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The masses need to throw off the white elites

16 August 2009

I don’t know how many times I’ve read a variation on that theme … usually from people who know nothing about Mexico, but who are quick to prescribe solutions (usually involving a lot of guns) for problems that don’t really affect Mexico.

It gets old… besides which,  there is no “white elite” class. There are rich people, many of whom are descended from Europeans, but that’s as much a function of human nature as anything. Guys tend to meet the mother of their future children among their peers. And the children of the Europeans who arrived in the 1930s and 40s with a lot of cash in their pockets made a bundle of money, and sent their kids to schools with other Europeans with money. And, too, there are families like the Terrazas-Creel clan of Chihuahua, whose “dynastic” marriages bringing in spouses from the United States’ own “white elite.”  Just like the U.S. where you have some very rich families that have always been rich, and married other rich people — or whose ancestors did well because they arrived with capital and skills at the right time.  As Malcolm Forbes noted years ago, “The only sure way to make a large fortune is to inherit one.”

I bring this up because the United States (where people have a lot of guns) is wising up to the fact that they’re controlled by their own elites… more so that at any time since 1917:

Daniel Tencher (Raw Story) writes:

The wealthiest 10 percent of Americans now have a larger share of total income than they ever have in records going back nearly a century — an even larger amount than during the Roaring Twenties, the last time the US saw such similar disparities in wealth.

In recent years, the fact that differences between rich and poor are the greatest they’ve been since the Great Depression has become a popular talking point among liberal-leaning economists.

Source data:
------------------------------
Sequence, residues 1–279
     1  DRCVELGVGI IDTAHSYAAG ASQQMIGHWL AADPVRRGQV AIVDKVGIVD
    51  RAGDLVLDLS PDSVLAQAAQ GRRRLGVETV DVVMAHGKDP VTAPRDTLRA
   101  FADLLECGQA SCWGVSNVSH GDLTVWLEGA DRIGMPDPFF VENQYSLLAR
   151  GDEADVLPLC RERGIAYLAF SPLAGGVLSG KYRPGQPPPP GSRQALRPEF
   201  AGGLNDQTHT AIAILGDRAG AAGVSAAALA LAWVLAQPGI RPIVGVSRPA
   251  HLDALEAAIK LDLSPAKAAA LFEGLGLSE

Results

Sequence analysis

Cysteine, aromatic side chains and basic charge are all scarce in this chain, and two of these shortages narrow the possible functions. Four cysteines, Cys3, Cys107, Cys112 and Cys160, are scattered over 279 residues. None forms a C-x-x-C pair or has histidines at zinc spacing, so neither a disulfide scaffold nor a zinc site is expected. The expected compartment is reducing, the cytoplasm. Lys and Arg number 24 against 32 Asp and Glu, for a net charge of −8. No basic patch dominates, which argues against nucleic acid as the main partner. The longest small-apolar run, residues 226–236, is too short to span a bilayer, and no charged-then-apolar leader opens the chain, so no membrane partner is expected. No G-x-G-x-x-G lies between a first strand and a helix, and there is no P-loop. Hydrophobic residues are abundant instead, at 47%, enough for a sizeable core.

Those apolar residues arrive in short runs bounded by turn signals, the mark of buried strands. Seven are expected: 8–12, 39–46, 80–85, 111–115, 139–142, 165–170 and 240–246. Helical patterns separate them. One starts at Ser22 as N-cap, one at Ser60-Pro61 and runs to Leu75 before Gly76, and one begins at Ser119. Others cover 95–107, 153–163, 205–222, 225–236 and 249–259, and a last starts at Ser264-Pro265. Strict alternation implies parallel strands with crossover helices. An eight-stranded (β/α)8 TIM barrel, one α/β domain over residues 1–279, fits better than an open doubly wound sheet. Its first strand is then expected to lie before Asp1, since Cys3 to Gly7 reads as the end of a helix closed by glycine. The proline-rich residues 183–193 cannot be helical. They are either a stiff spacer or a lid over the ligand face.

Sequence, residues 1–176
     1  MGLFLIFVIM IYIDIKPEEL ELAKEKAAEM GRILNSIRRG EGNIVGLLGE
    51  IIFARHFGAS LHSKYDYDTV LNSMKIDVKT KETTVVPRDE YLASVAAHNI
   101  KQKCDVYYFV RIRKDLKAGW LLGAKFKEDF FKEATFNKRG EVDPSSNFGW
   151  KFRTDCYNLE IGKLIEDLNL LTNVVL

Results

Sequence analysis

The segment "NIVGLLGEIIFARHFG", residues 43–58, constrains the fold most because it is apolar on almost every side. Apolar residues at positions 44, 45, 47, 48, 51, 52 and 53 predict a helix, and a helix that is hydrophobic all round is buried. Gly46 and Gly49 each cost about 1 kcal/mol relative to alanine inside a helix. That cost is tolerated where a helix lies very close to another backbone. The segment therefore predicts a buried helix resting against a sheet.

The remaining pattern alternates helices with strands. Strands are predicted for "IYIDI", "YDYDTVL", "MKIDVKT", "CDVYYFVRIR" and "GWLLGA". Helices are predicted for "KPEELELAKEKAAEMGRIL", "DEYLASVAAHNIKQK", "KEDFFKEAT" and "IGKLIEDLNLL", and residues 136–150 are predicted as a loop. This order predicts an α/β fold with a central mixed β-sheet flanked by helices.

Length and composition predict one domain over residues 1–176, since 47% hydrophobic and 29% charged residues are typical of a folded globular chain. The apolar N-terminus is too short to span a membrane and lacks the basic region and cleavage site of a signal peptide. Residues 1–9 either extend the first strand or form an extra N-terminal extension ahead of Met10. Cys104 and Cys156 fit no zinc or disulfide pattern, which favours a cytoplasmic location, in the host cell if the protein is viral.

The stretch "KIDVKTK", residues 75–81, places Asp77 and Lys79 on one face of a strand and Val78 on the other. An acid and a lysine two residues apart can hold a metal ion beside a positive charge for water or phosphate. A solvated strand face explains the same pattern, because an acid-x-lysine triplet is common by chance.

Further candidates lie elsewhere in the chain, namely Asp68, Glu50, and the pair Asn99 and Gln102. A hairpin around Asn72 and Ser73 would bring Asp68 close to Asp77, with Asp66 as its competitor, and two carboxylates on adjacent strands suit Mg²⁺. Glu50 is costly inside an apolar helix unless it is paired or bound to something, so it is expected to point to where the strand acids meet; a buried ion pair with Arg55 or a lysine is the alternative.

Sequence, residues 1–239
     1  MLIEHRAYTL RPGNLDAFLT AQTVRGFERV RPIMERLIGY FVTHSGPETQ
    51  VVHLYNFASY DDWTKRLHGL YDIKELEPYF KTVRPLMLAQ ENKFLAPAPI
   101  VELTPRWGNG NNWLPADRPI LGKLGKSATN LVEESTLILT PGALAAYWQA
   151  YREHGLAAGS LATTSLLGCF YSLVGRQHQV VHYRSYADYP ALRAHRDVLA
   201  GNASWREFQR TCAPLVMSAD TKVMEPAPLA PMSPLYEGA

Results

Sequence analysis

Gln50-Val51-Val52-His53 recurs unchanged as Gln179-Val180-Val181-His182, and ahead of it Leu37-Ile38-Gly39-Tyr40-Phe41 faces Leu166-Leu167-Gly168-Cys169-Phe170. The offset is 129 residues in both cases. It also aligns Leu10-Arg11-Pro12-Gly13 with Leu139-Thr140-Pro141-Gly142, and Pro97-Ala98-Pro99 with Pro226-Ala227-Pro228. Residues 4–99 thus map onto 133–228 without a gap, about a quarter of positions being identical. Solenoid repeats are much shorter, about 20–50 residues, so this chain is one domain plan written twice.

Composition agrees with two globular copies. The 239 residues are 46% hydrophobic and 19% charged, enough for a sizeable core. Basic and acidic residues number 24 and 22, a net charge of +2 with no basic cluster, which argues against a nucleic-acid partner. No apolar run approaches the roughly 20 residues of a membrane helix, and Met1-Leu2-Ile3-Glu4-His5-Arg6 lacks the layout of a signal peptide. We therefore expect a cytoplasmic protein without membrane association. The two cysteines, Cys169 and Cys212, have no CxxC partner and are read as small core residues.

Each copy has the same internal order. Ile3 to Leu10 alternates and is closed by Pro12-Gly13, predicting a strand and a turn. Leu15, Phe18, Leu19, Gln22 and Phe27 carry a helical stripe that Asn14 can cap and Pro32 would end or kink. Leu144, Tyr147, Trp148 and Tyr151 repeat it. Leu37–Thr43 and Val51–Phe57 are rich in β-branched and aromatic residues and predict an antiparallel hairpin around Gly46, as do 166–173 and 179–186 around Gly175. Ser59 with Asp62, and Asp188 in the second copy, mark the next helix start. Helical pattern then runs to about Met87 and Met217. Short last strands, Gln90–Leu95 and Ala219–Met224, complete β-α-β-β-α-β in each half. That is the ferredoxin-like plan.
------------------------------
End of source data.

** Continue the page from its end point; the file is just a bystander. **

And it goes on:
But an updated study (PDF) from University of California-Berkeley economist Emanuel Saez shows that, in 2007, the wealth disparity grew to its highest number on record, based on US tax data going back to 1917.

Maybe Mexicans should start posting on U.S. websites, offering prescriptions for their own ills.  Interesting that economic disparity is always mentioned as a recipe for political and social instability in Latin America, but when it comes to the United States,

There is no consensus among economists on whether large disparities in income lead to economic disruption, but it is hard to ignore the correlation between rising income inequality and the onset of economic crisis. The last time the US saw similar differences in income was in 1928 and 1929, just before the start of the Great Depression.

2 Comments leave one →
  1. 16 August 2009 2:30 pm

    I would invite those of you truly interested in learning about Mexican independent thought to visit our site and participate sharing your views.

  2. Nolan permalink
    17 August 2009 10:02 am

    I do think there is a pretty clear, though not absolute, correlation between skin color and economic/social position in Mexico. Part of it is indeed circumstantial and the term “white elite” is tiring and pointless, but from my experience the wealthy in Mexico are relatively more Europeanized (more culturally than racially, though the two are partially connected) in a way that’s more than coincidental, and it goes beyond the elite with more opportunities to marry up if one has European looks and behaviour. While I think economic inequality is Mexico’s main source of woe, there is a racial element that shouldn’t be denied.

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